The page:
The two-meter-long conical sarcophagus is made of stone. The name of Hanbal Saadi, who the scientists believe was the owner of the tomb, is engraved upon it.
The mummy is 175 centimeters (5 feet 9 inches) long.
The discovery was a surprise for the archaeologists. Ancient residents of this town are known to have buried their relatives in separate niches that lined the walls of a burial chamber.
According to scientists, the rich in ancient Palmyra could afford to build large burial chambers and tomb towers not only for their own relatives, but also to lease them to people not connected with them by family ties. Some of the tombs could become a resting place for hundreds of bodies.
It is the first time that Syrian archaeologists have discovered a tomb with so many mummies, which date back to over 2,000 years ago.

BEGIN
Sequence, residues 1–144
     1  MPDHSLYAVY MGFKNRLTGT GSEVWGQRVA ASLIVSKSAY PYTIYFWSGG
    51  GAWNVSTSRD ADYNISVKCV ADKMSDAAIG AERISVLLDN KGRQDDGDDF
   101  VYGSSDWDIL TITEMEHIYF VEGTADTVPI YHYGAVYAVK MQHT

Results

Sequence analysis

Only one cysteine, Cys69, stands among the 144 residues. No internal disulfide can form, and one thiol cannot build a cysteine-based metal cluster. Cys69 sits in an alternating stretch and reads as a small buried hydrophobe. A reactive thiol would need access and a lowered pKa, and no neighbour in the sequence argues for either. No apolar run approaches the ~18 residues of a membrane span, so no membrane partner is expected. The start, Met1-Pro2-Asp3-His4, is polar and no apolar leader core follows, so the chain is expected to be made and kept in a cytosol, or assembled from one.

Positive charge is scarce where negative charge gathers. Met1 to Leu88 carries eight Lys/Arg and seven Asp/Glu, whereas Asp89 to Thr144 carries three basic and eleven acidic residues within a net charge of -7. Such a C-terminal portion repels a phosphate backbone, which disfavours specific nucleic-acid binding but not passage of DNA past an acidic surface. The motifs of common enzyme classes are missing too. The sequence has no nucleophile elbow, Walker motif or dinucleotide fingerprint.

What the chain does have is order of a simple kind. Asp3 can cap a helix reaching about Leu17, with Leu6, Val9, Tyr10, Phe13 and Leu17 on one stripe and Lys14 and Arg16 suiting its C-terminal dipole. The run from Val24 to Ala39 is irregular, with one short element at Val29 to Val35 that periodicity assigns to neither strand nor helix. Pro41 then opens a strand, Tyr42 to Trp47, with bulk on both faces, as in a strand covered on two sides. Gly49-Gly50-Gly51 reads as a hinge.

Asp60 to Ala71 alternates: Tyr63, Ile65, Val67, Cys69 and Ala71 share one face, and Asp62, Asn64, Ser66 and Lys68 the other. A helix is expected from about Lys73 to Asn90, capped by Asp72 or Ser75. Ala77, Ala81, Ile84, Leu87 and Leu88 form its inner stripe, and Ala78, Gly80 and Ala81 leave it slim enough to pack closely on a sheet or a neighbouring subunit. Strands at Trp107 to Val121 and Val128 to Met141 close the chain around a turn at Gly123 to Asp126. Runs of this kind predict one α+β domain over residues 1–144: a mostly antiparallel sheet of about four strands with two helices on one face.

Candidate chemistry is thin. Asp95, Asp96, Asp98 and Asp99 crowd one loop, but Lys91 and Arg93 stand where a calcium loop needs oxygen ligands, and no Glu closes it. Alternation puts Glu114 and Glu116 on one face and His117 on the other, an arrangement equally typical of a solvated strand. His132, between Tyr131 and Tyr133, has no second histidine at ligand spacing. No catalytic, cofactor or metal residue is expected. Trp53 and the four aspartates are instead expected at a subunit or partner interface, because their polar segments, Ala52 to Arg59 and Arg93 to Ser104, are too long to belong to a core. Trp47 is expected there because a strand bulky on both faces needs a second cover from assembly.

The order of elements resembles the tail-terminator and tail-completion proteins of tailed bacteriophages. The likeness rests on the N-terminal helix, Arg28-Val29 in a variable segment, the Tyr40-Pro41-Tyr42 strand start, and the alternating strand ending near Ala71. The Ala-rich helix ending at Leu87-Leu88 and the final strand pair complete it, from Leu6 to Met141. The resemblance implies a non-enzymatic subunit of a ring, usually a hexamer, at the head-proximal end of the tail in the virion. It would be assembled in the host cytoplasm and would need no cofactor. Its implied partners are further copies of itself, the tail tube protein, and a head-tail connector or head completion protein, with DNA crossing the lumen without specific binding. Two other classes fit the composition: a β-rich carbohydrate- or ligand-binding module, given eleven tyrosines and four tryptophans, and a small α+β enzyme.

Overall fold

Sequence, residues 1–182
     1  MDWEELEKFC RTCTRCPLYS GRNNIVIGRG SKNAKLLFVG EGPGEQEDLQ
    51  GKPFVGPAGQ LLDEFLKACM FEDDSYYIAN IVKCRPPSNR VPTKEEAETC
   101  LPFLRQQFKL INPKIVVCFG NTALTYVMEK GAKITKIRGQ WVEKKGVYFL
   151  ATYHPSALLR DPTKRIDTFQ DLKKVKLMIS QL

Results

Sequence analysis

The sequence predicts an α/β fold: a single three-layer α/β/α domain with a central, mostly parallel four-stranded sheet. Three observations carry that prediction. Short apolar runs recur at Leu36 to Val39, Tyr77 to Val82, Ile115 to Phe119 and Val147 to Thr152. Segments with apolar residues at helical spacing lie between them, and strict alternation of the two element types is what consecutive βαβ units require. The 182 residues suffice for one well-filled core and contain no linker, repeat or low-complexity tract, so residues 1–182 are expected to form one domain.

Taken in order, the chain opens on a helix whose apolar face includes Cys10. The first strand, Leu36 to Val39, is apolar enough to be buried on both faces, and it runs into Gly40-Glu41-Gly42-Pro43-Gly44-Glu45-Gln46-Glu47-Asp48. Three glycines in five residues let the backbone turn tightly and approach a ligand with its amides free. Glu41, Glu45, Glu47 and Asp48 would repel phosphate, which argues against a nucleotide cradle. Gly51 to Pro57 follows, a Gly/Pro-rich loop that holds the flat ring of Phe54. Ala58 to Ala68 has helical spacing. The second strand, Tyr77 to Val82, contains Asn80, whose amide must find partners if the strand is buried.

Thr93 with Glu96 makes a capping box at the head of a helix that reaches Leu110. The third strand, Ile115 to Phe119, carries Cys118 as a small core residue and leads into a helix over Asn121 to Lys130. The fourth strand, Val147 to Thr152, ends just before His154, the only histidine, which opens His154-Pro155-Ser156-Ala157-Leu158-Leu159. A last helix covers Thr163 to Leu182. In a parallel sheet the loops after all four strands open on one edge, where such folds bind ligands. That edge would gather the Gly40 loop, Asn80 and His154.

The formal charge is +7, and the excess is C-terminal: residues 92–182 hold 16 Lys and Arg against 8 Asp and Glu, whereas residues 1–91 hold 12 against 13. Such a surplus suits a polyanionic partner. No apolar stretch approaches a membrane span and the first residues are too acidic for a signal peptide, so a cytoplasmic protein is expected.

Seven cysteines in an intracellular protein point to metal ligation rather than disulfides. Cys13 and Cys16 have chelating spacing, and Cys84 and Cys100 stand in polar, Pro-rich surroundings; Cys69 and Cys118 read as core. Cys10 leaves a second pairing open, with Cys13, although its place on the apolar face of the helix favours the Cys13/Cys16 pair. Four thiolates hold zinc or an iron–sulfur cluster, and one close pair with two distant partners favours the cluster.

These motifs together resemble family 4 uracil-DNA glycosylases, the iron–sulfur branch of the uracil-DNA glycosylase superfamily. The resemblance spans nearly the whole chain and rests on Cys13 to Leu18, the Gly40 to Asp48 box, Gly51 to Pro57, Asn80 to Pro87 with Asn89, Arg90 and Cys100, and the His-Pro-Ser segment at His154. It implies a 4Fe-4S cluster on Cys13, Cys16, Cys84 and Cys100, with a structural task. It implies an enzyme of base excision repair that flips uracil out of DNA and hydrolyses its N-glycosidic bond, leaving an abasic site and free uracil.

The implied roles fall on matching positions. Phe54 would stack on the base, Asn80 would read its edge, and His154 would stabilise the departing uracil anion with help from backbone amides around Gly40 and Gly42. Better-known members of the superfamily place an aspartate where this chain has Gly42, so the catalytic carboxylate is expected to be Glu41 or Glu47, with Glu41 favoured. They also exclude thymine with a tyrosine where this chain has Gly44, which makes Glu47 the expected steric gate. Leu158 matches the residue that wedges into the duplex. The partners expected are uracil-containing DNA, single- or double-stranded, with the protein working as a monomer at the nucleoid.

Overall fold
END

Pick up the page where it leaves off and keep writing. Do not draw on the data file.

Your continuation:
Expedition leader Halil al-Hariri said a thorough examination of the discovered mummies would clear up the social and economic standards of the ancient population of Palmyra and the diseases they had suffered from. "It is a rare discovery for Palmyra and shows that the ancient civilization that developed here was similar to the Egyptian civilization and made good progress in the craft of embalming," the scientist said.
Syrian archaeologists said that the Palmyra excavations would bring many interesting discoveries.